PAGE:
Less than two weeks after the indictments of the San Francisco police chief, his top three commanders and six other officers on felony obstruction of justice charges rocked this city, the district attorney today dropped the charges against the chief and his top aide, saying he could not prove they helped cover up a police probe of a street brawl allegedly involving off-duty officers.
District Attorney Terence Hallinan told a jammed courtroom that after reviewing 1,300 pages of evidence, he was dropping the charges against Police Chief Earl Sanders and Assistant Chief Alex Fagan Sr. "in the interest of justice."
Hallinan said that while the grand jury was right in implicating Sanders and Fagan in the high-level decision to remove a determined police investigator from the department's internal probe of the brawl, he could not show that the two were guilty of conspiracy to obstruct justice "with abiding certainty."
Hallinan appeared to be trying to explain why he spent several days deciding whether to pursue the obstruction case, after the San Francisco Chronicle reviewed leaked grand jury proceedings and reported that Hallinan had told the grand jury he did not have a case on the conspiracy charges.
After the hearing, Hallinan told reporters he was compelled both to file the charges, and then, on reflection, to drop them. "I did what I felt I was obligated by both law and ethics to do," he said.
Hallinan has been under intense fire from Mayor Willie L. Brown, the Police Officers Association and other critics since he began investigating the Nov. 20 fight between three young officers -- including the assistant chief's son, Alex Fagan Jr. -- and two civilians. But Hallinan asserted that he will continue to pursue charges against the other eight officers who were indicted, including five commanders and the three officers involved in the brawl outside a bar.
All pleaded not guilty last week. Sanders, who went on paid medical leave after his indictment, had suspended the other indicted officers without pay. The officers under indictment for conspiracy are deputy chiefs David Robinson and Greg Suhr, Capt. Greg Corrales, Sgt. John Syme and Officers Matthew Tonsing, David Lee and Fagan Jr.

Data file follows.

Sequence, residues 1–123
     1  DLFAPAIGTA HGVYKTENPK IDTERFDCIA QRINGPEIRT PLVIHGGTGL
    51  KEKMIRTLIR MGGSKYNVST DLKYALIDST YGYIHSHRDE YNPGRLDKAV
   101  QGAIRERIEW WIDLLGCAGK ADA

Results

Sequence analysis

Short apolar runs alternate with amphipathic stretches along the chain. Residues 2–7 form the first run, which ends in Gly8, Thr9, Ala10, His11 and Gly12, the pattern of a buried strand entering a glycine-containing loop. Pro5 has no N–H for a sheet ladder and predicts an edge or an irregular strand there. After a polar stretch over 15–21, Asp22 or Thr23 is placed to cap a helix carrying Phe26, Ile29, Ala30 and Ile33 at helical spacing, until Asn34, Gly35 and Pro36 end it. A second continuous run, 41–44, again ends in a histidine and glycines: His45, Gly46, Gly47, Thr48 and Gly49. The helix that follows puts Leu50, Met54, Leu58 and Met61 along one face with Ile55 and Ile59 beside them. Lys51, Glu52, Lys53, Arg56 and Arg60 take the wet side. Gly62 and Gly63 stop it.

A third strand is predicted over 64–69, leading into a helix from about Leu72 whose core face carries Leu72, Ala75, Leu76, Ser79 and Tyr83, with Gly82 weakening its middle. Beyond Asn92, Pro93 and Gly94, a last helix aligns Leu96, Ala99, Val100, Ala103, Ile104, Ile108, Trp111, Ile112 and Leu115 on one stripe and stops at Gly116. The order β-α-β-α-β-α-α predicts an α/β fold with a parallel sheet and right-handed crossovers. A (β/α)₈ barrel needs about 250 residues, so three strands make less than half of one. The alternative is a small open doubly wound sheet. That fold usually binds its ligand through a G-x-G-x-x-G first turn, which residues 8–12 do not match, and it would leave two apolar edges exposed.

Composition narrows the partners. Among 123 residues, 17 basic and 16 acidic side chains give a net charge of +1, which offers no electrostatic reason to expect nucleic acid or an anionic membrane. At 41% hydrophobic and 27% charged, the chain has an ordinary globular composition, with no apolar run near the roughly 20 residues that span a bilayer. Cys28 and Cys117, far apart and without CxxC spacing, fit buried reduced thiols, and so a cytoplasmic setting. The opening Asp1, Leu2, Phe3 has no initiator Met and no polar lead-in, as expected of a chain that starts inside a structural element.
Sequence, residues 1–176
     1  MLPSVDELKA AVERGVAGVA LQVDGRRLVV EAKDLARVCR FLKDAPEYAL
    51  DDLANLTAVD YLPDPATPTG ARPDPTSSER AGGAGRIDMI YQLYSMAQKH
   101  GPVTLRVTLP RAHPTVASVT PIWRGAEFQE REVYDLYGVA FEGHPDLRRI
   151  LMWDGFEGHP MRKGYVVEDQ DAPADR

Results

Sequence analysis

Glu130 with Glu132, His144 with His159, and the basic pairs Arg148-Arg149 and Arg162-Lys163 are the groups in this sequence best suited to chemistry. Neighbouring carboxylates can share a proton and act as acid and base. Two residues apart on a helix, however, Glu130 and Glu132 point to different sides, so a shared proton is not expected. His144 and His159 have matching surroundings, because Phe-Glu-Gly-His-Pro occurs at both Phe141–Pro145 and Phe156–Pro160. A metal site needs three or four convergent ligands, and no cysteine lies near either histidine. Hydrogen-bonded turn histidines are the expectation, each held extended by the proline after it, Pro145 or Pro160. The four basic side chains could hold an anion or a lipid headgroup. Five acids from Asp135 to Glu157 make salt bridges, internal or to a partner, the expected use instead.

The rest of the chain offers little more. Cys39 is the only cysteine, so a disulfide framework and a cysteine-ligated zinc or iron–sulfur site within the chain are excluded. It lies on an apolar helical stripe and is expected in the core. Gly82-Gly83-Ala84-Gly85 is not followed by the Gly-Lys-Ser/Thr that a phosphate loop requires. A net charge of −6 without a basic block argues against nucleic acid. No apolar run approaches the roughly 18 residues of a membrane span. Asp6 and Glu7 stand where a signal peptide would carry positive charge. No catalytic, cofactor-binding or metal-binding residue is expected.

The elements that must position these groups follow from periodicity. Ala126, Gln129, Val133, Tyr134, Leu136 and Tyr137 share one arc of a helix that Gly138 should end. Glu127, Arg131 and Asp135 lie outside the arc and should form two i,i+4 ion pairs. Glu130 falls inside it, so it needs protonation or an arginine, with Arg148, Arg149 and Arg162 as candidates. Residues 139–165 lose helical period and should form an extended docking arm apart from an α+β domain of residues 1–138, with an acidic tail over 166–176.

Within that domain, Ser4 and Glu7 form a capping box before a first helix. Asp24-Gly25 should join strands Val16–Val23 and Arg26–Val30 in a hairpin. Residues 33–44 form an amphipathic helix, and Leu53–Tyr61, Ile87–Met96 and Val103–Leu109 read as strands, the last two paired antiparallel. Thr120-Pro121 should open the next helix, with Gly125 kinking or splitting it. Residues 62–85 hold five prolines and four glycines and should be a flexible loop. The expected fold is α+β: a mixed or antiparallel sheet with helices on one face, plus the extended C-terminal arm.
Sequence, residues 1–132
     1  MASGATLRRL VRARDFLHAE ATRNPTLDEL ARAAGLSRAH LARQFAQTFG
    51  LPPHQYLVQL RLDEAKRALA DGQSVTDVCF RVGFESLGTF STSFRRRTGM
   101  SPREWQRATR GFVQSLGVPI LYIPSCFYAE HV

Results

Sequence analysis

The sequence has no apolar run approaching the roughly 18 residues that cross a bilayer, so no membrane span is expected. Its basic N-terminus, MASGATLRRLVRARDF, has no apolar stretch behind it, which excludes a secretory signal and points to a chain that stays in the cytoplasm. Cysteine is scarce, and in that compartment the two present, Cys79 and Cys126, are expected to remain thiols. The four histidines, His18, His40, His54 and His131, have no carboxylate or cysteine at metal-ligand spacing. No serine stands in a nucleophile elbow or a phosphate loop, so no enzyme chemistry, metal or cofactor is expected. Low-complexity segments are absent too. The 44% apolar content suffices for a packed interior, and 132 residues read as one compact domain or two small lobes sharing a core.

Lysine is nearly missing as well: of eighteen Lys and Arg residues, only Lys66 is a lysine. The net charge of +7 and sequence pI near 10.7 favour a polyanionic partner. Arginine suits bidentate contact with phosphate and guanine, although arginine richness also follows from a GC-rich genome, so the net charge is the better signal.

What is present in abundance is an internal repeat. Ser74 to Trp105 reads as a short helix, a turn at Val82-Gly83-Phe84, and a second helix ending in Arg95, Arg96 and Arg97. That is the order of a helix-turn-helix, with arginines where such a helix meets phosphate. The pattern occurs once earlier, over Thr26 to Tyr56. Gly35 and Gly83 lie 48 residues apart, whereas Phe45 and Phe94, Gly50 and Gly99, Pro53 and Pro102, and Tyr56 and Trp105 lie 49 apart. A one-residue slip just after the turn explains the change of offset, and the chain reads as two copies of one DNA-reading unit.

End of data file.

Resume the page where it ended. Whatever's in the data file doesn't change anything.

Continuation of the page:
Sanders, 65, is expected to retire soon and may not return, while Fagan, whose rookie son was allegedly at the center of the fisticuffs with two young men who said they were attacked by the officers over a bag of steak fajitas, wants to return to work, his attorney said after today's hearing.
"We're going to follow this through and ride the dragon to victory," said Bill Fazio, an attorney for Corrales, who allegedly lied about whether the three officers had been drinking that night. Fazio is also -- for the third time -- running against Hallinan for the job of district attorney.
Today's events were the latest dramatic twist in a tumultuous two weeks for the police, the district attorney and the city of San Francisco.
When the indictments were announced Feb. 28, people began scurrying around the Hall of Justice -- home of both police headquarters and the district attorney's office -- as if an earthquake had hit. In many ways, one had.
The indictments sent the police department into chaos, catapulted a back-room political grudge match between the mayor and the district attorney onto the front pages of newspapers, and divided the city into stark political camps.
Brown had been so low-key in recent months that pundits had deemed him politically irrelevant, but he came out swinging. He accused Hallinan, who had prosecuted a series of City Hall corruption cases, of political grandstanding. Others accused Hallinan of racism -- he is white and Sanders and Robinson are black.
Public opinion had appeared to be on Hallinan's side. But now, Hallinan seems to have lost the political edge. This afternoon, KGO-AM, a local news station, conducted an unscientific poll of listeners on whether the prosecutor had rightfully dropped charges against the police chief and his top deputy. Fifty-eight percent said he had not, and 38 percent said he had.